The Senate Judiciary Committee heard testimony on legislation designed to close the loophole that allowed for state business that was conducted on private e-mails to avoid inclusion in the public record as defined by the Kansas Open Records Act.
Kansas Attorney General Derek Schmidt issued a 2015 opinion stating that e-mails sent to and from private e-mail addresses on private computers are not public documents and not subject to the Kansas Open Records Act.
Attorney General Schmidt spoke as a proponent of the new legislation. His office will also be tasked with enforcing that legislation should it pass.
With that dual purpose in mind, Schmidt said, “The policy choice is simple and straightforward. The policy choice is, should it be possible for public officials or employees to use private communications devices and thereby elude the requirements of the public records law? The policy is not difficult to understand. The problem is that by the nature of these communications, when public communications occur intermingled with private communications on a private device, it then becomes necessary to have legal tools for sorting out the wheat from the chaff.”
In fact, that sorting process is so complicated that Senator Jeff King, chair of the committee, is going to wait to work the bill at least until next week. The committee is waiting so that some inconsistencies in the language can hopefully be worked out so that the interpretation of what is in, or public communication, and what is out, or private communication is clearer once the bill leaves the committee.
Schmidt adds, “That problem doesn’t exist when all the communications are on a public server or a public e-mail account. But, it does when personal, private matters are intermingled with public records in a single inbox. It becomes very challenging to draw that line in a way that respects privacy and also respects the public’s right to know, and that’s what the committee’s wrestling with.”
In fact, the boundary is hard to see, let alone draw, once you’re on a private device, according to Schmidt.
Schmidt said, “Once you cross that threshold of saying that requirement for openness applies to records that are privately created and privately owned, merely because of some or all of their content that has to do with public business, then you wade into a more difficult area where First Amendment interests and privacy interests start to attach. I think it’s necessary as a matter of policy, but if that’s to be the policy, then it’s not as simple as merely drawing a line.”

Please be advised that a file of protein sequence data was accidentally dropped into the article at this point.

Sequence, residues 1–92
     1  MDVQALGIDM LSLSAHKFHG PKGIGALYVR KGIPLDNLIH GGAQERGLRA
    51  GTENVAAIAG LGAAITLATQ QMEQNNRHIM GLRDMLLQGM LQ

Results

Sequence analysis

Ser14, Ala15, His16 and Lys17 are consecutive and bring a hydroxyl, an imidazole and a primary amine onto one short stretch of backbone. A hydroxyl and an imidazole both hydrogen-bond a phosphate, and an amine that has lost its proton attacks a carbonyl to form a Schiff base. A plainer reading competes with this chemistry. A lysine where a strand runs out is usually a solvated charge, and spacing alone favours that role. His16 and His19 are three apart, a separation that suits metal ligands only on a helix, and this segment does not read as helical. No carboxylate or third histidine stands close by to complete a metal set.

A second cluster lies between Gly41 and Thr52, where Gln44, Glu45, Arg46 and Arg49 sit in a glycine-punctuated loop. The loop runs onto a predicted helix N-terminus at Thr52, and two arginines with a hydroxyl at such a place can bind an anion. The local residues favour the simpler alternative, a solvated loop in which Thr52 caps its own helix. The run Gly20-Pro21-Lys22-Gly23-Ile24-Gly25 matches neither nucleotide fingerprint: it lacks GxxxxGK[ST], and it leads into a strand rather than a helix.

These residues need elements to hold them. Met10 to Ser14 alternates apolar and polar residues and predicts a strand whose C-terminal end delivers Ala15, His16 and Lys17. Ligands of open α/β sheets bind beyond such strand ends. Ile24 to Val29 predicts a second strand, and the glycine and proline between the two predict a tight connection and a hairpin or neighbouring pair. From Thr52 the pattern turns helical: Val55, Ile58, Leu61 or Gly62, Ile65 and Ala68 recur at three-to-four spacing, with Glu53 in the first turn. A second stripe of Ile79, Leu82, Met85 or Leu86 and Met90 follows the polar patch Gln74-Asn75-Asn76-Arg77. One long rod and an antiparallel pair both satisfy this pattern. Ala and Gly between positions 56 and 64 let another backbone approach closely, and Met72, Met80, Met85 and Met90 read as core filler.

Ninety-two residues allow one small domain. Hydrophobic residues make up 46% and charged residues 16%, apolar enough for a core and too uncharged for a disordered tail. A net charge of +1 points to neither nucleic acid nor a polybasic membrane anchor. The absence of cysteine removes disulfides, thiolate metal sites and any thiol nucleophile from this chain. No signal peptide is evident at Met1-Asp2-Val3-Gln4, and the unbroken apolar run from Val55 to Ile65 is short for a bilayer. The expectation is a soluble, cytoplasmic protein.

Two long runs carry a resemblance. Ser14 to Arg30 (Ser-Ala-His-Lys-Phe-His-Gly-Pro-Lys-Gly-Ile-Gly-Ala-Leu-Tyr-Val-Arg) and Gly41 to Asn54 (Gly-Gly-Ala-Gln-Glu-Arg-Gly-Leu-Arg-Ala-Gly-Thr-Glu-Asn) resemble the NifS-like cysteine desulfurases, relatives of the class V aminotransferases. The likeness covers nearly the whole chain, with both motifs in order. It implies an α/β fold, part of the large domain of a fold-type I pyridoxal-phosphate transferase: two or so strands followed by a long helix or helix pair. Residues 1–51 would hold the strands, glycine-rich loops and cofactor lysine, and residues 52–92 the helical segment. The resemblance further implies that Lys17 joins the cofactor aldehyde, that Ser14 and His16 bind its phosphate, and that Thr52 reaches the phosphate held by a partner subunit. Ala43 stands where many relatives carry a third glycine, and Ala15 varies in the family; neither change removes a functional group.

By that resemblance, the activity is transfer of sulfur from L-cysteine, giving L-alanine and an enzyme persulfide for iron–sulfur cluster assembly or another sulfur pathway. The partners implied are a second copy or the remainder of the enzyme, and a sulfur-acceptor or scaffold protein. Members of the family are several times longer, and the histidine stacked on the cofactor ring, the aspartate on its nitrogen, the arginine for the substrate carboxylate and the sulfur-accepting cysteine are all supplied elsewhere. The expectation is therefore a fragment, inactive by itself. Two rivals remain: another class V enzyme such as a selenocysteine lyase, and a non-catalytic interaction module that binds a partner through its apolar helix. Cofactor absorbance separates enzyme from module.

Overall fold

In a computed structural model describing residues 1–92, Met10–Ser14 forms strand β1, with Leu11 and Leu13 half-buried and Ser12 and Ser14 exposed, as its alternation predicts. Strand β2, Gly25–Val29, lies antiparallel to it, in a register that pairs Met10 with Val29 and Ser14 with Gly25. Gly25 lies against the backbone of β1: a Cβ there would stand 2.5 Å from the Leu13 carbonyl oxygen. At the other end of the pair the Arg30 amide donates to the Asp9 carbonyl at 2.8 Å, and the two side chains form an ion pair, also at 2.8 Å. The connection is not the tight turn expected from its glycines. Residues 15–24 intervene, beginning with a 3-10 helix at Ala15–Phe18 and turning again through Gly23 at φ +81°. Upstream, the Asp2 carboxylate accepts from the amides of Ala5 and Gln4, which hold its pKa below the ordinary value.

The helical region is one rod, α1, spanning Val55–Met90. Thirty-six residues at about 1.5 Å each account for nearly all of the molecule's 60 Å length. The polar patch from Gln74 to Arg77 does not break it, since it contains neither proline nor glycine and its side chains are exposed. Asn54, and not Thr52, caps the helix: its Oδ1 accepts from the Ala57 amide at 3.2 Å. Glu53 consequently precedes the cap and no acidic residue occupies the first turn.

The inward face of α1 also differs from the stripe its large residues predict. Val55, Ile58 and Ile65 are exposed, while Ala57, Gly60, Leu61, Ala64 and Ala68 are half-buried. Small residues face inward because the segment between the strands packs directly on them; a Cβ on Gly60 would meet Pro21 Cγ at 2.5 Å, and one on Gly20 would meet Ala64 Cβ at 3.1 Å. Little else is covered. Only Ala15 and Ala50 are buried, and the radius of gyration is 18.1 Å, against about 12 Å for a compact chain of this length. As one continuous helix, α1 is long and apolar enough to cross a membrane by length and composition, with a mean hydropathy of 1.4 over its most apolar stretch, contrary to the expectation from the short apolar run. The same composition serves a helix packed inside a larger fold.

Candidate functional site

Nevertheless, having the discussion is a positive step.
Schmidt said, “I think the spirit of open government in Kansas is alive and well. Even in the era of new private communications technology, that spirit shouldn’t change. The public’s business ought to be subject to public scrutiny, and public retention and public review, regardless of where or how it’s communicated. That principle, I think, we need to find a way to apply in the very difficult circumstance of rapidly changing and wildly diverse methods of communicating information that didn’t exist 20 years ago.”
Technology continues to change, and with those changes comes the expectation of the public to have access to anything generated with their money. Attorney General Schmidt hopes that the changes that are proposed, if enacted, can be flexible with the continuing changes in technology.
Regarding the proposed statute, Schmidt said, “Ideally, it would be written broadly enough to apply to technology as it evolves as opposed to one set of rules for Twitter, and one set of rules for email and one set of rules for texts, etc. The challenge that makes it very difficult, what the committee’s doing a fine job of wrestling with is that the broader you write the requirement for disclosure, the greater risk there is that the government’s demand that its employees disclose things they have written down, will impermissibly chill those public employees First Amendment speech rights. That’s the hard balance that you have to wrestle with here. It’s one of those awkward situations where openness is actually in conflict with openness and the legislature is trying to sort through where the balance is.”